Continuing our series, this blog focuses on “How We Worship,” and the lovely discovery of an aging father and his quiet love for serving in the Liturgy. In the Catechism of the Catholic Church #1068, it states, “It is the mystery of Christ that the Church proclaims and celebrates in her liturgy so that the faithful may live from it and bear witness to it in the world.” Mark Rogan helps to run his family business, Rogan Shoes, and he and his wife, LeAnn, reside in Racine with their two children, McKenna and Adam. They have been parishioners of St. Anne since the parish’s early years.
There are things in your life that people (even if you are very close) do not tell you. Some people call them secrets. Others of us call them personal things that matter only to us. I have recently been privy to some personal information about my father that wasn’t necessarily a secret, but might have been something that he kept to himself because it was just for him.
Here is the background: I was born a Catholic, raised a Catholic, and will always be a Catholic. I went to Mass on Sundays and participated for most of my life. My parents are very much the same. My dad over the past many years has been going to Mass at least two times a week depending on Mass schedules at his church (having 11 children I assume he has a lot to pray about). About two years ago he had some health issues that have been
slowly breaking his body down and I have had the unfortunate experience of
watching a very vibrant and alive man become a shell of what he used to
be. We are at the point that we have had to take his driver’s license away from him because he has had at least four episodes where he has fallen for no reason.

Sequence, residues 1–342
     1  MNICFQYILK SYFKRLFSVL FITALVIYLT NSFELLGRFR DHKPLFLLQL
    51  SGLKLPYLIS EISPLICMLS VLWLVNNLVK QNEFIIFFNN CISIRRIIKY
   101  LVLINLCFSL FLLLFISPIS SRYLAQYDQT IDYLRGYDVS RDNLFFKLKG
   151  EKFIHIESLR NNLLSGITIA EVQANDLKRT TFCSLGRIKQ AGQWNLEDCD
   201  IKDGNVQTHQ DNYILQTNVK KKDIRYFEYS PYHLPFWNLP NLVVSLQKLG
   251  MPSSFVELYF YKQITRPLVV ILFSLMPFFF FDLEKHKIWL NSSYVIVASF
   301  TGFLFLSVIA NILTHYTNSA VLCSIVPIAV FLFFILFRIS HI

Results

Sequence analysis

His speech is almost nonexistent and his motors skills are lacking but he still loves to come into work every morning, shuffle his papers around his office, and watch what his sons are doing with the company that he created. Because of this love for his job, we could never take that away from him so we have taken turns picking him up in the morning and take him home when he is finished doing whatever he does in his office.
A couple weeks back, I was given the task of picking him up for work and it was on his “Mass day”. I picked him up nice and early (Mass is at 7:00am) and took him to Sacred Heart Church in Racine. He got out of my car and walked across the parking lot like I haven’t seen in years from him. Lately, he has been a “foot shuffler” and I am worried about him tripping over something and falling down again – but not today.
He walked into church and flipped the switch for the light above the baptismal font (the church was completely empty), went over to the sacristy, typed in the code to unlock the door, and turned on all of the lights in the chapel area. He went over to the cupboards and got out the chalice, water and wine cruets, bowl for the washing of the hands, purificator towels for the wine glass, and counted out the number of hosts that would be needed for Mass that morning (he thought there would be 8 of us; there were only 5). MY DAD WAS THE ACOLYTE!! Who would have known? As the Mass went on, he went up on the altar (which was scary because it involves a step and no hand rail) at the Consecration of the Eucharist and cleared the cruets off the altar when the priest was finished with them. He then brought over the bowl and water to wash the priest’s hands. MY DAD WAS THE ALTAR SERVER ALSO!! Yep, it gets stranger. At Communion he makes the trek up the step again (scary once again) and receives Communion because he is also the Communion Wine Minister. After Mass, I help him carry all of the items back to the Sacristy, help him put them away and I take him to work. All the while, I am amazed and astonished that this man who is struggling through the most simple of tasks (like eating, walking up a step, talking, picking up a dropped item, etc…) did all of these tasks with such ease and grace. God knows that my dad may need help with some things and he has put them in my and my sibling’s hands to take care of, but when God really needs something accomplished He will give my dad the strength to handle it with ease. It was my Greatest Mass that I have ever attended.